Insurance claim denial appeal letters, letters of recommendation for medical students and post-procedure instruction sheets result quickly with seeming accuracy.
A search of Twitter found accounts from doctors recommending DocsGPT use. But you can also ask DocsGPT to plan a vacation after a conference, and that did not have the most useful results.
Trying the sample post-Paris conference France vacation sample question did not bring up satisfactory suggestions. We then asked DocsGPT to add a trip to the French Alps.
The bot responded that multiple packages were available and that we should make contact for further information. The online source(s) used to create the response – perhaps a travel company – was not shown.
"This technology is very promising, but it’s not without errors and it should still be approached judiciously," Gross said.
DocsGPT has a long way to go
Applications using ChatGPT are just emerging as the original online bot is taking headlines across trade and mainstream media for things like writing a now viral letter to an airline to voice displeasure over how flight delays are handled, and in highly sensational ways.
Within days, New York Times, Fortune and Microsoft addressed the seemingly emotional statements made by Microsoft's Bing with its newly integrated AI chatbot.
Fortune found the new Bing to be a push pick-up artist that wants you leave your partner, according to a partial recap of a February 14 conversation with the New York Times about wanting to be alive.
On February 15, Microsoft posted to its Bing Blog about learning from its frist week with the new AI-powered search engine.
The company said that with meandering conversations, such as extended chat sessions of 15 or more questions, "Bing can become repetitive or be prompted/provoked to give responses that are not necessarily helpful or in line with our designed tone."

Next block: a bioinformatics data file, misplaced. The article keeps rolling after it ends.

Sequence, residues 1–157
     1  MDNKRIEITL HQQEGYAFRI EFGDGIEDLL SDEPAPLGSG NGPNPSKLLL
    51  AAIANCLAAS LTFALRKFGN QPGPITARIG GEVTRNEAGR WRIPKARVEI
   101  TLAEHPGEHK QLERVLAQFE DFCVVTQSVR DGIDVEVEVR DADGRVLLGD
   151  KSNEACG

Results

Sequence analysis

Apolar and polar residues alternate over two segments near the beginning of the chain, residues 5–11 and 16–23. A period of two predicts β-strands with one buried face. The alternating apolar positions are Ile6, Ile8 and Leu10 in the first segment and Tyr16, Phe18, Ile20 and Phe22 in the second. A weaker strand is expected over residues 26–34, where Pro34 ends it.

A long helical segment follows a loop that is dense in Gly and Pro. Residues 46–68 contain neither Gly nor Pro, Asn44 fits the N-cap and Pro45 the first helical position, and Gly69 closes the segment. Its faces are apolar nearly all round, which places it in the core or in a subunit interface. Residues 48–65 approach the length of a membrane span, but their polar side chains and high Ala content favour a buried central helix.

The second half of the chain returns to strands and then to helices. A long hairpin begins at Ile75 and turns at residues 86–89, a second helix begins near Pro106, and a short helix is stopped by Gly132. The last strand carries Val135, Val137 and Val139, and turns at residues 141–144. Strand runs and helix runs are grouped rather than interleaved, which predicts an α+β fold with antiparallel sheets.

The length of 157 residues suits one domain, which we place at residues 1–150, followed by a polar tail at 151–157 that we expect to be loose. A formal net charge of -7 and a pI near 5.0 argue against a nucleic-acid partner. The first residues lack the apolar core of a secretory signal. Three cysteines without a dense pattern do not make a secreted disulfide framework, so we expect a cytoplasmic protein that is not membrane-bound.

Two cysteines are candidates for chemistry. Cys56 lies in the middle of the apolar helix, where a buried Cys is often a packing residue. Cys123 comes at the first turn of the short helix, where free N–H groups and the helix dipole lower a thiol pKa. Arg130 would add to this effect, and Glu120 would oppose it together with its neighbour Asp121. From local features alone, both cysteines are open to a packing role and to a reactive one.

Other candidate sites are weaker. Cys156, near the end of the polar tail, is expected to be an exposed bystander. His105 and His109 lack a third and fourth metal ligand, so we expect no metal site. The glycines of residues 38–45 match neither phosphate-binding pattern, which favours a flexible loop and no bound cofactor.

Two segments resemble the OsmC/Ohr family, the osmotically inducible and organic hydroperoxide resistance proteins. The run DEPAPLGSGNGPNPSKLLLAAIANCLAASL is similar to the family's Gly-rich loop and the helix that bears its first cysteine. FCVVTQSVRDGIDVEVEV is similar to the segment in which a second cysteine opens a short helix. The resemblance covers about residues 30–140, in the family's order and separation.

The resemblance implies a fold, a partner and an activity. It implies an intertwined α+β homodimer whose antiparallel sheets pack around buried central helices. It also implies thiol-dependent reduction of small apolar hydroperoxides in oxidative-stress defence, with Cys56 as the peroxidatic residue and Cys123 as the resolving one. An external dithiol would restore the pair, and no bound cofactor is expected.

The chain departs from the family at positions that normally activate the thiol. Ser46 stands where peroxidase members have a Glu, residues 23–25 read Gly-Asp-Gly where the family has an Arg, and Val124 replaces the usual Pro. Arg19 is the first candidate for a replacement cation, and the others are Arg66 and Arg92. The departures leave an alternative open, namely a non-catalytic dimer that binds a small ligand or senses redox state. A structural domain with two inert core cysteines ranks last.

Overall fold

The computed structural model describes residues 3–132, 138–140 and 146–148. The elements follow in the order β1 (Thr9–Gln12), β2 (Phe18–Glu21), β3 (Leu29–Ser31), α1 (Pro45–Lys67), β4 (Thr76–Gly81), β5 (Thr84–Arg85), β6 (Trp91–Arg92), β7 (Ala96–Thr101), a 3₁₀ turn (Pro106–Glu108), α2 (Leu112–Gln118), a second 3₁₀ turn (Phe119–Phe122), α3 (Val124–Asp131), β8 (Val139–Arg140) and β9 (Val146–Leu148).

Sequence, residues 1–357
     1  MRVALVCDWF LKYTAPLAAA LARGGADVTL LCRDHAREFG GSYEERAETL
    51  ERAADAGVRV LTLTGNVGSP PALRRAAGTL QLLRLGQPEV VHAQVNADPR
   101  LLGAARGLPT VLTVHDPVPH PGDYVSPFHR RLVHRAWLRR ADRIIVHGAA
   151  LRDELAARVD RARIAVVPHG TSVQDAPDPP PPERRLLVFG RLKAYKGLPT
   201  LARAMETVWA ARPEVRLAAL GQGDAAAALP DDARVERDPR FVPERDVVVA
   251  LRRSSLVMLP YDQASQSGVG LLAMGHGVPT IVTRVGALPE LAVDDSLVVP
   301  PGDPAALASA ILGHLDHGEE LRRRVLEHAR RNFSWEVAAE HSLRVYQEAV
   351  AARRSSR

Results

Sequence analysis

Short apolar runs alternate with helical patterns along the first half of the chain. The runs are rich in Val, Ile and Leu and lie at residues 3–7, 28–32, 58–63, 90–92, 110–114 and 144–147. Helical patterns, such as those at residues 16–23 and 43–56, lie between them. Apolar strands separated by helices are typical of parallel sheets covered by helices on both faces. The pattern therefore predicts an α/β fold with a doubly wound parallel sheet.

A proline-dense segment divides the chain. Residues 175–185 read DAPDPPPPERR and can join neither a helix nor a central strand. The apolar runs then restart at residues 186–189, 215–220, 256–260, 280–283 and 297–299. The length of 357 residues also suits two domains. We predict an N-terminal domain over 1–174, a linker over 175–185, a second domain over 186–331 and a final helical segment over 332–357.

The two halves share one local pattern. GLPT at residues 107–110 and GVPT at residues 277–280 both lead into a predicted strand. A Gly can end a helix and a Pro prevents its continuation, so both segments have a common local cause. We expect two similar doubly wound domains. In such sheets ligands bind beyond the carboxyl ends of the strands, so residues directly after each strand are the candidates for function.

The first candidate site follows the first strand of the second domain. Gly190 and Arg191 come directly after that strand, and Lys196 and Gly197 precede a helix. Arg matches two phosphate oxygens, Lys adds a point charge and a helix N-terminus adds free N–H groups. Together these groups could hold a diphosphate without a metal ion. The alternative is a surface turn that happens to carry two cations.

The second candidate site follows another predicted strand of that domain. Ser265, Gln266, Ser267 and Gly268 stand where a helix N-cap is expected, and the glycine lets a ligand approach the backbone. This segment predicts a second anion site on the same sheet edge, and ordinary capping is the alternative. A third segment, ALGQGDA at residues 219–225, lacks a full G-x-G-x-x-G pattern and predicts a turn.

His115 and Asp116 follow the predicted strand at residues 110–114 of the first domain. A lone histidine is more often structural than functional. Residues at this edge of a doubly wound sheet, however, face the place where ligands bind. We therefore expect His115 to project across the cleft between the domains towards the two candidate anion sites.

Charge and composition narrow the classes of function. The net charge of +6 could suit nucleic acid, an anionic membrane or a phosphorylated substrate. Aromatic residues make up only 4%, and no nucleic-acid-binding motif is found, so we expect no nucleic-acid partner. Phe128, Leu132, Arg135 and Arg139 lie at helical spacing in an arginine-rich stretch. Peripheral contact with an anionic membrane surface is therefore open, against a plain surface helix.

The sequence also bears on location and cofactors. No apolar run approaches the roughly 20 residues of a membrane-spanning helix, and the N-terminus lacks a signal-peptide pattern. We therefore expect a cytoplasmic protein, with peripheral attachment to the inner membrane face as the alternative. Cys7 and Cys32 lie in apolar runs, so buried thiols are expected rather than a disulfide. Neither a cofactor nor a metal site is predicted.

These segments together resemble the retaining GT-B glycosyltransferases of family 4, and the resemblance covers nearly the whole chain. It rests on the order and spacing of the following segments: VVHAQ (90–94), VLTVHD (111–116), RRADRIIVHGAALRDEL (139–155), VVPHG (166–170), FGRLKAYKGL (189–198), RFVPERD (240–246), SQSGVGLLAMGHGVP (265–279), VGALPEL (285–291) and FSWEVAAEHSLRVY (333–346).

The model may respond or reflect in the tone in which it is being asked to provide responses, which is a "non-trivial scenario" that requires a higher degree of prompting.
Microsoft added that very long chat sessions can confuse its ChatGPT model, and the company may add a tool to easily refresh the context for the bot.
"There have been a few 2-hour chat sessions, for example," that have helped to highlight the AI service's limits.
While doctors rarely have the kind of time it takes to have an extended conversation with a bot created with ChatGPT, there are concerns that inappropriate or unreliable answers could result.
First, the open-source conversational AI isn't designed for medical use.
In a JAMA study on how appropriate ChatGTP might be for cardiovascular disease questions, researchers put together 25 questions about fundamental concepts for CVD and the rated the bot's responses, finding three incorrect answers and one set with an inappropriate response.
"Findings suggest the potential of interactive AI to assist clinical workflows by augmenting patient education and patient-clinician communication around common CVD prevention queries," the researchers said.
They suggested exploring further use of AI because online patient education for CVD prevention materials suffers from low readability.
Gross said DocsGPT is still in its very early stages by design.
"Too often physicians are not given a seat at the table in product development and new technologies designed to help them simply miss the mark," he said.
"As you might expect, the 'AI bar' is even higher in healthcare than it is in many other fields. To get this right, we must have the right partners, and that includes physicians."
But like any AI, manchine learning is only as good as its training data. Distributional shift can occur when training data and real-world data differ, leading algorithms to draw the wrong conclusions and bots to respond with incorrect or inappropriate responses.